The Honoured Inductees to the SINGAPORE WOMEN’S HALL OF FAME

Meet the remarkable women of Singapore and be inspired by their stories! Explore the Hall by category of achievement, or browse through the alphabetical list of their names. In future, you will be able to view the honourees by their year of induction.

Ellice Handy

Culinary pioneer and educator

Ellice Handy, whose entire life was associated with Methodist Girls’ School (MGS), wrote the first Singaporean cookbook.  My Favourite Recipes, first published in 1952, offered easy-to-follow, everyday recipes reflecting Singapore’s multicultural heritage – European, Chinese, Malay and Indonesian, and Indian dishes.  Ellice wrote the book to raise funds for MGS and it soon became a culinary reference book in many households.  Reprinted and revised many times over the years, the latest edition is still raising funds for the school.

Born Ellice Zuberbuhler in 1902, Ellice was a boarder at age four at MGS, which was founded in 1887 by Sophia Blackmore.  An exceptionally bright student, she completed her Senior Cambridge examination when she was just 14. She taught for a while at MGS and left in 1917 for the Isabella Thornburn College in Lucknow, India, on an academic merit scholarship. As she was under-aged, she spent a year studying Latin before entering the Bachelor of Arts degree programme.  

Graduating with honours, Ellice returned to MGS in 1922 and taught English, history and Bible knowledge. When World War II broke out in 1941, schooling was disrupted for 3½ years. The school suffered significant damage during the war. After the war, Ellice was appointed principal – the first Asian to hold the position.

In September 1945, Ellice took on the daunting task of restarting MGS, dealing with difficulties which included insufficient equipment for classrooms, shortages of books, missing apparatus, lack of funds and teachers who were physically and mentally worn out. By October 1, 1945, MGS was functioning as a school again in temporary accommodation. It moved back to its Mount Sophia premises on October 15.

A formal building programme was started in 1950. To help raise funds for this, Ellice decided to publish a book with the recipes she had collected over the years.  Her love for cooking was ignited when, as a young girl at Nind Home, the MGS boarding house, she watched and helped Sophia Blackmore turn leftover chicken into a tasty meal. When Ellice was about 12, Miss Blackmore told her to skip sewing classes and instead go for cooking lessons with Bibik Lee Ling Neo, the matron of the Chinese and Indian girls at the school.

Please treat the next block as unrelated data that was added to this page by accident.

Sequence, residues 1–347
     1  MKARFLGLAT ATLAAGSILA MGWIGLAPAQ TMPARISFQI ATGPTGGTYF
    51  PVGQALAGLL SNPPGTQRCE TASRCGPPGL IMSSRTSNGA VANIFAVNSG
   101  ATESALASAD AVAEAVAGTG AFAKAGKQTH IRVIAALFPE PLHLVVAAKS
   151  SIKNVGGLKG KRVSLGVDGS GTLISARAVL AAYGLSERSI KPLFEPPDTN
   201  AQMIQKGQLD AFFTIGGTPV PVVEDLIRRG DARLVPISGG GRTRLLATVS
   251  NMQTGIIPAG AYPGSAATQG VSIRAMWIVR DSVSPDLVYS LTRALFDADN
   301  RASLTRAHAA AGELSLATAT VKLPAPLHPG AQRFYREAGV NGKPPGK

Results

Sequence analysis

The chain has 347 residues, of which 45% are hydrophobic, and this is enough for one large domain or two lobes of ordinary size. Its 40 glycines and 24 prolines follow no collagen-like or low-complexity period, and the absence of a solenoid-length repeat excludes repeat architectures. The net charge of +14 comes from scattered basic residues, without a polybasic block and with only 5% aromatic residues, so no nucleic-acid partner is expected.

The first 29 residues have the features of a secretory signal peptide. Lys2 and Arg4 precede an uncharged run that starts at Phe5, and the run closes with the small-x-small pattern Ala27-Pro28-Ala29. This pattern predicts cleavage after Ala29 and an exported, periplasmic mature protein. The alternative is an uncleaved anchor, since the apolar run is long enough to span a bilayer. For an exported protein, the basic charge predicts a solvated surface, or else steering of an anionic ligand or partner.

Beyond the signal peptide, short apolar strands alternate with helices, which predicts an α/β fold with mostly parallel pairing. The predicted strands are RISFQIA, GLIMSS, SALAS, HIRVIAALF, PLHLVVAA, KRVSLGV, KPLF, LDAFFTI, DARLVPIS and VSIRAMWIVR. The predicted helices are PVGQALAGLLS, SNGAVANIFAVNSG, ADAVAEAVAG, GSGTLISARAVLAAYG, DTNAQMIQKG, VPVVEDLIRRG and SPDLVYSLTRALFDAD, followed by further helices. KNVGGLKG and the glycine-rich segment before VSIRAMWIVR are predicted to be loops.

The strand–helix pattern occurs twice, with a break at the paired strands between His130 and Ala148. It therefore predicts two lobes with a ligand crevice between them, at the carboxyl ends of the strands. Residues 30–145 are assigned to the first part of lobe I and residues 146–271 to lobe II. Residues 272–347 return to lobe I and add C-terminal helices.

Ellice stepped down as principal in 1957 and continued as a teacher at MGS until 1964, when she retired. For her work in education, Ellice was conferred the Order of the British Empire in 1957. She was also a Justice of the Peace, and visited female prisoners on death row to see to their needs and offer comfort.

Ellice was married to Dr. James Handy, a physician, with whom she had a daughter, Helen Anderson-Handy. Prior to getting married, Ellice and her elder sister Anne adopted Jean Tow. After retiring, she updated her recipes for revised editions of My Favourite Recipes. She also wrote about cooking for the local women’s magazine Female. When she was 85 she moved to Australia to live with her daughter Helen.  She died of a stroke aged 87 in 1989.

"There are no born cooks. Many have become good cooks from actually trying out recipes in their own kitchen. Cooking is fun and should be enjoyed, not regarded as a chore."

"To become good at cooking, all you need is a love of tasty wholesome food, an observant eye, practice and imagination."

"No two people cook the same dish the same way, and yet both can produce equally good results. The only way to develop a good hand at cooking is to practise in your kitchen."